FAAF: Risky Business

Notably absent from specific mention in the Department of Labor's Qualified Default Investment Alternatives regulations were asset allocated solutions based exclusively on risk, rather than age or date.

Yet, risk-based funds have been around longer, and have established track records. Should your plan investment menu include both risk- and date-based solutions?

align=”center”> The Panel Audio File

Panel members at PLANSPONSOR’s 2008 Future of Asset Allocated Funds Conference in Newport Beach, California, seemed to agree investment menus should include risk-based funds.

Gene Huxhold, Sr. Managing Director Investment Only Retirement Plans, John Hancock, pointed out that risk-based funds are covered by the QDIA regulations and fall under the balanced fund category. He contended that it would be easier to place participants in risk-based funds than in target-date funds.

Brian Ward, Managing Director-Investment Officer, Senior Institutional Consultant, Ward Financial Advisory of Wachovia Securities, added that risk-based funds are easier for participants to understand than target-date funds. Participants are familiar with the concepts of conservative, moderate, and risky investing, and many do not understand the glide paths and risks of target-date funds, he said.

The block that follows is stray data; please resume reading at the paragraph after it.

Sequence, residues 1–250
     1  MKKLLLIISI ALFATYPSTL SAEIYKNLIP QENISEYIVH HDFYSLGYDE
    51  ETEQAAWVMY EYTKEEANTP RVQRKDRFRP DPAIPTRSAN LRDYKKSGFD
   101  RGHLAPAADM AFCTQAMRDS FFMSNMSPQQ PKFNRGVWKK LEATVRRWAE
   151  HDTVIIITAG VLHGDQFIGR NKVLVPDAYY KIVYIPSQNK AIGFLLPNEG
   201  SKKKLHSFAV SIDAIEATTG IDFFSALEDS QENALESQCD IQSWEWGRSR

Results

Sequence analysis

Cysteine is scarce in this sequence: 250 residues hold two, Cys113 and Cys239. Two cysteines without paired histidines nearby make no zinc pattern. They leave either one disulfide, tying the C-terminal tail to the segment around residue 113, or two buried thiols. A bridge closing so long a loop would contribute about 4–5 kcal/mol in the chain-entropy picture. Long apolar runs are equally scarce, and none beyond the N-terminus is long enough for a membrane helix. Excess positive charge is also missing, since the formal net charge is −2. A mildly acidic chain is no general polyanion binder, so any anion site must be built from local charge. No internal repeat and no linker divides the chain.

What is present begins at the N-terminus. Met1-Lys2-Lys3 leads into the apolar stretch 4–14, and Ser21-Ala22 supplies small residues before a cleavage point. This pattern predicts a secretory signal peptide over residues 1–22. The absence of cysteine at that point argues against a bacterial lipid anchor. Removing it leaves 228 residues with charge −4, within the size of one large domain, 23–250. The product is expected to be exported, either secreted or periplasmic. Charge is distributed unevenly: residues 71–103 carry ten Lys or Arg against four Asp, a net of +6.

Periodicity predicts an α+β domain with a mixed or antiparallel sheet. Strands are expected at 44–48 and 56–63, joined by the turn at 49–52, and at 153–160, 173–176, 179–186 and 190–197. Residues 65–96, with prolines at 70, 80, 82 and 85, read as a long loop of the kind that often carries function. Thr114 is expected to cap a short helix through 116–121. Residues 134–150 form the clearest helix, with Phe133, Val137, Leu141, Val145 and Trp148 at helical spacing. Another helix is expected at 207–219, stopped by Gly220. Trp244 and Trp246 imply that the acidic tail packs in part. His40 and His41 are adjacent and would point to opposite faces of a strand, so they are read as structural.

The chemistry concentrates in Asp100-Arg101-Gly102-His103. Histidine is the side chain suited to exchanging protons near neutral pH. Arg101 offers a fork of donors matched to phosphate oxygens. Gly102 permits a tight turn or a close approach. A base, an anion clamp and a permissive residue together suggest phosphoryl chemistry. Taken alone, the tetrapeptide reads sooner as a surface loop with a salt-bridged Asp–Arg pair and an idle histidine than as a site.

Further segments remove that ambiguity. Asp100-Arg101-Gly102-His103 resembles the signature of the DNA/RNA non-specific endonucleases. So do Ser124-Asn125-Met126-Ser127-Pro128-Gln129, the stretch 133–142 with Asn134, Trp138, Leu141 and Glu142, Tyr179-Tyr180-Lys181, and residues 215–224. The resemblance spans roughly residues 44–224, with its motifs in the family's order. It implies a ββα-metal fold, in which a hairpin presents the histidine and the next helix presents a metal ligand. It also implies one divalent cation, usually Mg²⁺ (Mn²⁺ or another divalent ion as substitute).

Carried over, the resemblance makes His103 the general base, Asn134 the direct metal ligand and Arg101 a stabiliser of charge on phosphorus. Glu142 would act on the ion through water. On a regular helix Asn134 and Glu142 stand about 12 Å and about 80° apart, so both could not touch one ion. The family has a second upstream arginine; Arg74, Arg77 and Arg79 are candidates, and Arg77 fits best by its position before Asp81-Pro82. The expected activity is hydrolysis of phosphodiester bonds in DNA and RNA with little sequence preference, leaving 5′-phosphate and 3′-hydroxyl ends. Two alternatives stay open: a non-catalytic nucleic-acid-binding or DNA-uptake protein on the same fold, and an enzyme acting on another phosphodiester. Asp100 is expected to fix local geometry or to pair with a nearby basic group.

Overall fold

Track Records

In addition, Ward contended the 10-year increments of most target-date fund series creates confusion when selecting a fund for participants who do not plan to retire in that particular year. Ward also noted that even when risk-based funds did not yet have an established track record, participants chose them and even opted out of the default investment into risk-based funds. Now that they do have an established track record, he noted, we can see the funds have done well.

The need for both risk-based and date-based funds within a retirement plan is driven by the type of investors each attracts. John Lunt, President, Lunt Capital Management, said target-date funds are for participants who just will not engage at all in managing their retirement assets, while risk-based funds are better for participants who will engage. This indicates risk-based funds are probably more appropriate as an investment option in retirement plans, but not as the default investment, he said.

Lunt contended that the advantage of participants’ understanding the risks associated with the two different investment types will be seen in the next 12 months as participants see the results of the bad market of late.

Ward concluded that the decision whether to include risk-based funds in a plan’s investment menu is plan-specific, and may require consultation with an adviser.